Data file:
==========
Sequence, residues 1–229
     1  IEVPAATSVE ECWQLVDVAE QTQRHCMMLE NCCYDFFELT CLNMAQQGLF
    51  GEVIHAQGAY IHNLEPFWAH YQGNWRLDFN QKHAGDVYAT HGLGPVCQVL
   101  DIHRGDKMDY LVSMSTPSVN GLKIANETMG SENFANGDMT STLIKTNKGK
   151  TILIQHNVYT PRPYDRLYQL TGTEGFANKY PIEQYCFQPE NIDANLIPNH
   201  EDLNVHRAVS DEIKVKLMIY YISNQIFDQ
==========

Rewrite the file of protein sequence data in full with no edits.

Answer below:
Sequence, residues 1–229
     1  IEVPAATSVE ECWQLVDVAE QTQRHCMMLE NCCYDFFELT CLNMAQQGLF
    51  GEVIHAQGAY IHNLEPFWAH YQGNWRLDFN QKHAGDVYAT HGLGPVCQVL
   101  DIHRGDKMDY LVSMSTPSVN GLKIANETMG SENFANGDMT STLIKTNKGK
   151  TILIQHNVYT PRPYDRLYQL TGTEGFANKY PIEQYCFQPE NIDANLIPNH
   201  EDLNVHRAVS DEIKVKLMIY YISNQIFDQ